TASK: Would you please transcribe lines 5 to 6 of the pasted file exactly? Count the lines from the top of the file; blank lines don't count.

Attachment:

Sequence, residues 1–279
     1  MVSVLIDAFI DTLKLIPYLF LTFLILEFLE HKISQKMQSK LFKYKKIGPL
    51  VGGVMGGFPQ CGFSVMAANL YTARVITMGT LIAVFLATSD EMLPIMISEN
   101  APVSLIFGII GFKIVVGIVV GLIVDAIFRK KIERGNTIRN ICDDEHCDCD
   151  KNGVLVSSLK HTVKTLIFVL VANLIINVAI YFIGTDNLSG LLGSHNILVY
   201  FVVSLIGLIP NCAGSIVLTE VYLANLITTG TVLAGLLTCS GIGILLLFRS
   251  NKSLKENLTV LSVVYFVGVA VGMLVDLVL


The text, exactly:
   151  KNGVLVSSLK HTVKTLIFVL VANLIINVAI YFIGTDNLSG LLGSHNILVY
   201  FVVSLIGLIP NCAGSIVLTE VYLANLITTG TVLAGLLTCS GIGILLLFRS